- 1st − 31st January 2012 | Scottish National Gallery
Vaughan and Turner
At the heart of his devotion to British art was Vaughan’s appreciation of Turner – the artist he collected most systematically and thoughtfully. His Turners were described without exaggeration in one of his obituaries as ‘singularly choice and indeed hardly paralleled in this country’.
The extent of his Turner collection was considerable: thirty-eight watercolours came to the National Gallery of Scotland, thirty-one went to the National Gallery of Ireland, twenty-three to the National Gallery, London (they are now integrated with the Turner Bequest at Tate Britain), and six passed to the Victoria & Albert Museum.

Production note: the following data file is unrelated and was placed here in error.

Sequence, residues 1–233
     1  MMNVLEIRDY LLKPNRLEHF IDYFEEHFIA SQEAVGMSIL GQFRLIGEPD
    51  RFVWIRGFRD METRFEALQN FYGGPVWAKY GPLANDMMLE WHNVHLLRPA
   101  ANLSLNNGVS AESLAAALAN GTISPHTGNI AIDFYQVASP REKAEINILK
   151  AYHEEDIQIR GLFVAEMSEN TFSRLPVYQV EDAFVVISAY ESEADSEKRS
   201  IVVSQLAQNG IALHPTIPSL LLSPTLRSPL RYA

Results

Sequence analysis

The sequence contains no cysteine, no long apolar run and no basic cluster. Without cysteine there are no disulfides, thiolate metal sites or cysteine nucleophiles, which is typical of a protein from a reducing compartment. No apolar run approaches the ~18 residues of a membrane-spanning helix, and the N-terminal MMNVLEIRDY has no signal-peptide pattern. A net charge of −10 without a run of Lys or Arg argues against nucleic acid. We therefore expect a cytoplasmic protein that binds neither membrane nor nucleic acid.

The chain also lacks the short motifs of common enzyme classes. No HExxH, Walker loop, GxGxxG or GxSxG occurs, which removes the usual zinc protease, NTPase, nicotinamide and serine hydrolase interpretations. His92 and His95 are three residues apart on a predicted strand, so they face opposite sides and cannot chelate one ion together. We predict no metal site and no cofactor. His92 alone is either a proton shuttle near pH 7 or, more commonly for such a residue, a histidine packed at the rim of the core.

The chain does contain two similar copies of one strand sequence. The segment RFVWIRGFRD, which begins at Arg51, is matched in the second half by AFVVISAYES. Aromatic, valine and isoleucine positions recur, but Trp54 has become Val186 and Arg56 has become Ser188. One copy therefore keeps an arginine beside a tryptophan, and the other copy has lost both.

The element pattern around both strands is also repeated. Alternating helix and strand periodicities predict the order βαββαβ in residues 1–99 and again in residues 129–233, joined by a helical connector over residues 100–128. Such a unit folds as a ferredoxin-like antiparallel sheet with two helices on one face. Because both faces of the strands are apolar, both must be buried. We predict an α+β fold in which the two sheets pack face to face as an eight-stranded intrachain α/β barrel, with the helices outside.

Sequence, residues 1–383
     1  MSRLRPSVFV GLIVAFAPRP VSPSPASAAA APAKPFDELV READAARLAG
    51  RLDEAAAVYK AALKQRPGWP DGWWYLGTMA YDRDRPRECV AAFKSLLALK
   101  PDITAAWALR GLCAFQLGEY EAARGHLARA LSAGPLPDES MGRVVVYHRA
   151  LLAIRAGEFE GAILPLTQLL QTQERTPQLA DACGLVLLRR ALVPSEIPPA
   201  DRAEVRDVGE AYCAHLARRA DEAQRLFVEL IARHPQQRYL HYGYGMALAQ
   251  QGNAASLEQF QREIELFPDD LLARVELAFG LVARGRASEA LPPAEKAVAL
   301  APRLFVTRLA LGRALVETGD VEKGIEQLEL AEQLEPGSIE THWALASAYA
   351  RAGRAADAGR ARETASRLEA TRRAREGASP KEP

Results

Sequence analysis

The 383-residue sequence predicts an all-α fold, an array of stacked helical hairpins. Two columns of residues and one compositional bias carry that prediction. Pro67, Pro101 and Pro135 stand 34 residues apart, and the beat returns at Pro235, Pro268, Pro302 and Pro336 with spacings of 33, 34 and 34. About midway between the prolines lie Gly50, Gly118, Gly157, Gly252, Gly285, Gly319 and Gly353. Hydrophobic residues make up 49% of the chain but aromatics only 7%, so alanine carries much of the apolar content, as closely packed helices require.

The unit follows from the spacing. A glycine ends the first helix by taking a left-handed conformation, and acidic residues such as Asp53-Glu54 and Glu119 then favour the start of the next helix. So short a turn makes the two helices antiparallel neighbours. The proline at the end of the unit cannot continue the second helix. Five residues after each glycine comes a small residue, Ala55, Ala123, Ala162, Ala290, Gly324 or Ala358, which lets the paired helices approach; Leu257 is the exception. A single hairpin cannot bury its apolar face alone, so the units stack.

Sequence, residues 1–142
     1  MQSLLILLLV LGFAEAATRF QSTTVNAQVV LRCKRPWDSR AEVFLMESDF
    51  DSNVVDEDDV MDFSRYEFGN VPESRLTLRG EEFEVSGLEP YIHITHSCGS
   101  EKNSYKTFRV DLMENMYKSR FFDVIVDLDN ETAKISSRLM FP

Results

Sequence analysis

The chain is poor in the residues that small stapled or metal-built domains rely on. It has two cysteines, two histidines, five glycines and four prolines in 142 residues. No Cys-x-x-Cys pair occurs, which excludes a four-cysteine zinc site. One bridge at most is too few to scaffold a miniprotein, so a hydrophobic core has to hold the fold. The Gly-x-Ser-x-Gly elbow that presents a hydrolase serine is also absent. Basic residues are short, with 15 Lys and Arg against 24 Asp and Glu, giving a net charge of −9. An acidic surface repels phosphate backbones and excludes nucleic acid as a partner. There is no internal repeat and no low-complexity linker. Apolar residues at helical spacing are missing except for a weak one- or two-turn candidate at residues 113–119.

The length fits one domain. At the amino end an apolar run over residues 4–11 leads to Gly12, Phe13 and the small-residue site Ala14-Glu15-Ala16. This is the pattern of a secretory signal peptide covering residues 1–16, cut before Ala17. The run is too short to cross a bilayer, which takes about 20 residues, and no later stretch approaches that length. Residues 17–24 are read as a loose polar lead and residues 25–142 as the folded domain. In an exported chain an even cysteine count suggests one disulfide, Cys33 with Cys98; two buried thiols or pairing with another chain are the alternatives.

Vaughan took seriously the question of how his bequests were displayed. He stipulated that his works for Edinburgh should be exhibited ‘all at one time free of charge during the month of January’. In limiting their exposure in this way, he demonstrated his awareness of a wide-ranging discussion in the second half of the nineteenth century about whether watercolours faded when exposed to light. Vaughan was clearly of the view, which is consistent with modern conservation guidelines, that to preserve such works their display should be restricted. His foresight means that the watercolours are notable for their remarkably fine condition.